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Eugenio Fornasiero
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Eugenio Fornasiero of the Department of Life Sciences at the University of Trieste has been awarded € 248,000 by the Telethon-Cariplo Call for Proposals to fund a research project on neurodevelopmental disorders.

The initiative, which the two Foundations commit to continuing into the future, is dedicated to clarifying those still obscure aspects of the human genome potentially responsible for rare diseases.

Now in its third year, the Fondazione Cariplo and Fondazione Telethon call for proposals has led to the selection of 14 new research projects, for a total of € 3.2 million and 22 research groups involved.

In Friuli-Venezia Giulia, € 248,000 have been allocated to fund a project of the University of Trieste.

This brings the total joint investment by the two Foundations to almost € 14 million, which has led to the funding of 59 research projects involving 90 Italian research centres.

This initiative, inspired by a programme of the US National Institutes of Health (NIH), aims precisely to ‘illuminate the darkest portion of the human genome’, inviting researchers to study genetic aspects and molecular mechanisms that are still largely unknown or poorly understood, but which represent potential for the development of new therapies for rare diseases. In particular, projects were to focus on the study of so-called T-dark targets, for which information on structure, function and interaction with molecules and drugs is unknown. Although the human genome has been completely sequenced, we still know very little about many genes and the proteins they encode. Suffice it to say that of the 4500 human proteins considered to be possible pharmacological targets, only 700 are currently in the crosshairs of approved drugs: this means that of all the others, more than 80 per cent, there could be proteins that are suitable to be studied in order to develop new therapies, but for several reasons are not being studied.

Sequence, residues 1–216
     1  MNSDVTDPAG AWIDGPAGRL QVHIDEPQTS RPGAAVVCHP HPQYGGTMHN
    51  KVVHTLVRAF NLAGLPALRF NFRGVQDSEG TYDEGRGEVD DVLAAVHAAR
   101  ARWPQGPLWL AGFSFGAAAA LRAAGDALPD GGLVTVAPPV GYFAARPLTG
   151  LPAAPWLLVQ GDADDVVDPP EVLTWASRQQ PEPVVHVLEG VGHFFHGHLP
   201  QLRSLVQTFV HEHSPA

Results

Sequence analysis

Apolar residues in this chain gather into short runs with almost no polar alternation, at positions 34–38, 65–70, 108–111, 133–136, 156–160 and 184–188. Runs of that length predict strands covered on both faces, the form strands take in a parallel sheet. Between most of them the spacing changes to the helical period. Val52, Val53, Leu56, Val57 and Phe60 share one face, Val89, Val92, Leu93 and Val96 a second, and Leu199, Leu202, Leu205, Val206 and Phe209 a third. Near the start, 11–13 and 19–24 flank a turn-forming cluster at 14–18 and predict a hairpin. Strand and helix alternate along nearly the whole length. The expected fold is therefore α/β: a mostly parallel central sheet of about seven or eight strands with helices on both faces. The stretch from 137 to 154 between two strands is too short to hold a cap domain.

Eugenio Fornasiero from the Department of Life Sciences at the University of Trieste will coordinate a study on neurodevelopmental disorders. In particular, the project focuses on a specific gene called CCDC32, classified as TDark of which we have very limited knowledge. The loss of function of CCDC32 is the direct cause of a rare and non-specific syndromic intellectual disability,

often accompanied by physical abnormalities. By delving into its function, the fundamental basis for understanding not only this specific gene, but also the more general mechanisms underlying rare intellectual disabilities and associated physical malformations will be provided.

As far as the geographical distribution of the research centres involved is concerned, most - 14 out of 22 - are located in Lombardy; the others are in Emilia-Romagna, Friuli Venezia Giulia, Marche, Piedmont and Tuscany. Among the pathologies under study are certain forms of muscular dystrophy such as Duchenne’s and facio-scapulo-humeral dystrophy, blood diseases such as haemochromatosis, haemorrhagic telangiectasia and thalassaemia, but also neurodevelopmental disorders and rare tumours.

A total of 77 project proposals were submitted by Italian non-profit, public or private research organisations. Of these, 69 were deemed suitable and submitted to the evaluation process, entrusted to a medical-scientific commission of 15 internationally renowned scientists from all over the world and chaired by Dr. Massimo Pandolfo of Mc Gill University in Montreal (Canada). For the evaluation of the projects, the peer-review method was used, which indicates the critical assessment that a work or publication receives from specialists with similar skills to those of the person submitting it, guaranteeing the transparency and fairness of the evaluation.